FIGURE 6-1
Overview of peripheral and CNS pathways involved in nociceptive signaling. The peripheral endings of nociceptive afferent neurons (A) are activated by various stimuli (e.g., thermal, mechanical, biomechanical). Once activated, these specialized afferent neurons transmit an action potential to the spinal (or medullary) dorsal horn of the CNS (B) . Within the dorsal horn, the signal from the periphery may be relayed to ascending projection neurons (C) that send the message to specific regions of the thalamus (D) . Various regions within the CNS (E) that determine the sensory, motivational, and affective responses to painful stimuli receive input from the thalamus. Descending inhibitory pathways within the CNS (F) suppress excitatory activity at the level of the dorsal horn.

Pain sensation of oral and craniofacial origin follows a similar pathway to that outlined earlier. The main differences are in the specific nerves involved in transmission and the level of the central nervous system (CNS) at which they are transmitted to higher brain centers. The main sensory nerve of the orofacial region is the trigeminal nerve (cranial nerve V). There are also some tissues in the craniofacial region receiving afferent sensory innervation from other cranial nerves (cranial nerves VII, IX, X, and XII) and branches of the upper cervical spinal nerves (C1, C2, C3). After stimulating nociceptors in tissues innervated by the trigeminal nerve, an afferent impulse is directed toward the CNS via the trigeminal (Gasserian) ganglion. Whereas in the rest of the body the impulse travels to the dorsal root of the spinal cord, in the craniofacial region, sensory information is passed through a special area of the brainstem known as the trigeminal brainstem sensory nuclear complex (VBSNC). This is a bilateral, multinucleated structure in the dorsolateral brainstem extending from the pons to the upper cervical spinal cord. The VBSNC is divided into two major nuclei: the main sensory nucleus and the spinal tract nucleus. The spinal tract nucleus is further divided into the subnucleus oralis, the subnucleus interpolaris, and the subnucleus caudalis. After synapsing in the VBSNC, the impulse travels to the thalamus where it can be relayed to higher brain centers, including the somatosensory cortex and the limbic system. The impulse can also be directed to a variety of other locations in the brainstem and the spinal cord. Some of these connections are used in reflex pathways. Finally, descending modifying pathways are also present that can affect the transmission and sensation of pain ( Figure 6-2 ).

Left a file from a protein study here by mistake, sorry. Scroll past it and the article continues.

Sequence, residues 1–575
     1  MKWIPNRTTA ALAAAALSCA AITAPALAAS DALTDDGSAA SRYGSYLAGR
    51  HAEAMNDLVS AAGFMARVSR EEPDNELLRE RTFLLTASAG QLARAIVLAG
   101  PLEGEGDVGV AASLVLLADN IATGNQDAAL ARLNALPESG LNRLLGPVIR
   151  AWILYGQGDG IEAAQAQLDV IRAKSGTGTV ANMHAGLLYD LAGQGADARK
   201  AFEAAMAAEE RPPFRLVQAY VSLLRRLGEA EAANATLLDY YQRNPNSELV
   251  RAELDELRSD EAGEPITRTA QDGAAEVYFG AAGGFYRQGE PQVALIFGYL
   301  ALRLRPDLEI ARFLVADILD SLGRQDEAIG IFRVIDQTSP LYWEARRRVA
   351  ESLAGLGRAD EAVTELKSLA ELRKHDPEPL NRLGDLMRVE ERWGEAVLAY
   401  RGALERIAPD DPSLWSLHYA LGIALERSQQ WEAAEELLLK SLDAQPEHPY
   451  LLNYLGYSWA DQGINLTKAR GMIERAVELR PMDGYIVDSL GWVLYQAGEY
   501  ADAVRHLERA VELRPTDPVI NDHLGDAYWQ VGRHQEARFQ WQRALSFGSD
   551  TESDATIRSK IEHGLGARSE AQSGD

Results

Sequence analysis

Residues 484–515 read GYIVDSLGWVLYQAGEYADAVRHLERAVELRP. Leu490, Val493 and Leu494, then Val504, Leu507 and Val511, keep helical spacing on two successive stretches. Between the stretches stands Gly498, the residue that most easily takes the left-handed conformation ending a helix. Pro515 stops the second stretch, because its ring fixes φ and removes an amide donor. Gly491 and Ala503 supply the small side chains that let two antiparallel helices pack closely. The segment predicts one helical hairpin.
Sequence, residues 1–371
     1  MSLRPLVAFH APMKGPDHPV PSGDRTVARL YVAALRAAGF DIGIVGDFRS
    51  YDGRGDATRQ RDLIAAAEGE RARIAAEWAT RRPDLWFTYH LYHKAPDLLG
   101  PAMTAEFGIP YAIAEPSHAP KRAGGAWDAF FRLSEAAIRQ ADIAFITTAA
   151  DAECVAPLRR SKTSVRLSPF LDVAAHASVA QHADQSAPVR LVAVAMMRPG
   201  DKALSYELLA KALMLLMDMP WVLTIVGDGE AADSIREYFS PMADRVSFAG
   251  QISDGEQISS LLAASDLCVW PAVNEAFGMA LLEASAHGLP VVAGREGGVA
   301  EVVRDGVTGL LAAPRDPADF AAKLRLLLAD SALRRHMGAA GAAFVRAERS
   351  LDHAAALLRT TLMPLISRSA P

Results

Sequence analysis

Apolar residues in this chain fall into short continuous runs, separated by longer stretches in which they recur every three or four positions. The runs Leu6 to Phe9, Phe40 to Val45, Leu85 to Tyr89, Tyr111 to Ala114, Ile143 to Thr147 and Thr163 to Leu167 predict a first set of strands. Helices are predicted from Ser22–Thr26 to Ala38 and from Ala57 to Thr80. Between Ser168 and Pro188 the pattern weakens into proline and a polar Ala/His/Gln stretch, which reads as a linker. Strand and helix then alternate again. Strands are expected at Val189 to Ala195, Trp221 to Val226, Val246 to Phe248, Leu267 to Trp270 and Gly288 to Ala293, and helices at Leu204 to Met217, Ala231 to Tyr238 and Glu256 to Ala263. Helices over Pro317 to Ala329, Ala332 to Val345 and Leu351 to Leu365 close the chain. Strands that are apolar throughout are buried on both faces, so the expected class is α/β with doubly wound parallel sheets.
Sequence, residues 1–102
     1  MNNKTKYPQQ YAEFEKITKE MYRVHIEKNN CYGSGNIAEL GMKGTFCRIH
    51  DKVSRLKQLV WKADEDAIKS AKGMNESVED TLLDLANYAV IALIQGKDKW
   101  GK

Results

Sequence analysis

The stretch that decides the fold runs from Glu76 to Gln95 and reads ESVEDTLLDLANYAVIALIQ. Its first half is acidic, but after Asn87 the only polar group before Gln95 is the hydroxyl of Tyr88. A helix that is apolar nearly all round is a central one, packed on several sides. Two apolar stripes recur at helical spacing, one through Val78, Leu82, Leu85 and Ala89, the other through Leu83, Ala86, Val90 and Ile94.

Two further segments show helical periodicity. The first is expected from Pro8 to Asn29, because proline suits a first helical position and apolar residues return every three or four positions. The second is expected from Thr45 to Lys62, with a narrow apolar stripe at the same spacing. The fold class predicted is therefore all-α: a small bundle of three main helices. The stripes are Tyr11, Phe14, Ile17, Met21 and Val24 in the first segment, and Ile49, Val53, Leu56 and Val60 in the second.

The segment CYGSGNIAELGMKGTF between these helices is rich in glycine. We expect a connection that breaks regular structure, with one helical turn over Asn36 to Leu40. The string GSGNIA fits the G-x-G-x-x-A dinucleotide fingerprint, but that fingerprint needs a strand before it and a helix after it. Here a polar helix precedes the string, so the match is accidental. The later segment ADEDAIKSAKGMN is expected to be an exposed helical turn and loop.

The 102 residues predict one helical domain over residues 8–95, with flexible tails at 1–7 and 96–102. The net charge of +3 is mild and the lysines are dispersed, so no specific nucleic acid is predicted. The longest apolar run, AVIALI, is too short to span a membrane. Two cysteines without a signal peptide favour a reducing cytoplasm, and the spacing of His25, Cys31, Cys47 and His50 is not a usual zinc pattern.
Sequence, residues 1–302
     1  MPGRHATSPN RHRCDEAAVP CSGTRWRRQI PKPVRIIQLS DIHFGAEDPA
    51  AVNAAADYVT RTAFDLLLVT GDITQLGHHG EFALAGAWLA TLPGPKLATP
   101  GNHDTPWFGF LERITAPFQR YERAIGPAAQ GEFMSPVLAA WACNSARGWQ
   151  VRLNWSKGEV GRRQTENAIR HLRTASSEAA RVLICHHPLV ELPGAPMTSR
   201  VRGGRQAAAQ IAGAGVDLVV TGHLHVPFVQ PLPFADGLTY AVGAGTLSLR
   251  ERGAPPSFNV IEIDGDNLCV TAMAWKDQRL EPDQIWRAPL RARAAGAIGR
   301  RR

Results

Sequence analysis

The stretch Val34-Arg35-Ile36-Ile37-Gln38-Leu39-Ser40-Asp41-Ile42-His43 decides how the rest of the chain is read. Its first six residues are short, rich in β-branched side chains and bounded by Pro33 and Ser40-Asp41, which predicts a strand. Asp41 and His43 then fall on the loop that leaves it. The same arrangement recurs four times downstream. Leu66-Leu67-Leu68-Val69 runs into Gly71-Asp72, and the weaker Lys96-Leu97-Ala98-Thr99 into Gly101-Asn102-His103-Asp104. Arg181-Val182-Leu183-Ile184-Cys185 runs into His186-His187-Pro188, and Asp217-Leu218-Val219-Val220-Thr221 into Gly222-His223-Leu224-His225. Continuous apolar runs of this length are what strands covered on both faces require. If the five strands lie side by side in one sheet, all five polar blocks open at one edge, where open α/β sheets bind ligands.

FIGURE 6-2
Transmission of sensory information from the mouth and face to the somatosensory areas of the cerebral cortex. The major pathway involves the trigeminal nerve, the primary afferent cell bodies of which are in the trigeminal (semilunar) ganglion. The peripheral processes of these cells innervate oral-facial tissues, whereas the central processes enter the brainstem and synapse on second-order neurons at various levels of the trigeminal brainstem sensory nuclear complex. This complex may be subdivided, from rostral to caudal, into the main (or principal) sensory nucleus and the spinal tract nucleus, which consists of three subnuclei: oralis, interpolaris, and caudalis. From the brainstem complex, sensory information may then be relayed to the third-order neurons in the thalamus and from there to the cerebral cortex or less directly by multisynaptic pathways involving, for example, the reticular formation (RF). The sensory information relayed from a particular region of the complex may also pass to other brainstem structures (e.g., cranial nerve motor nuclei involved in reflex responses to oral-facial stimuli) or to the spinal cord or other regions of the complex (not shown).
(From Sessle BJ: Acute and chronic craniofacial pain: brainstem mechanisms of nociceptive transmission and neuroplasticity, and their clinical correlates, Crit Rev Oral Biol Med 11(1):57, 2000.)

Inflammation plays an important role in the development of postoperative pain. Surgical manipulation of oral and facial tissues causes damage resulting in acute inflammation. As cells are disrupted, inflammatory mediators and metabolites are released into surrounding tissue beds. These factors include cytokines, substance P, prostaglandins, leukotrienes, kinins, histamine, and serotonin. Some of these factors can directly stimulate a nerve impulse in afferent pain fibers. Others, such as prostaglandins, serve to sensitize nociceptors by lowering their activation thresholds. This leads to the hyperalgesia found in surgically altered tissue.

As outlined previously, the sensation of pain is propagated by peripherally located receptors after tissue injury. Local mediators released into tissue beds contribute to the initiation of an electrical impulse directed toward the spinal cord and brainstem. From here, the impulse travels to higher brain centers where cognitive and emotional input is integrated and the quality of pain is perceived. The management of pain is directed at altering the peripheral and central mechanisms responsible for the propagation of pain impulses. These mechanisms should be kept in mind when designing a postoperative pain control regimen.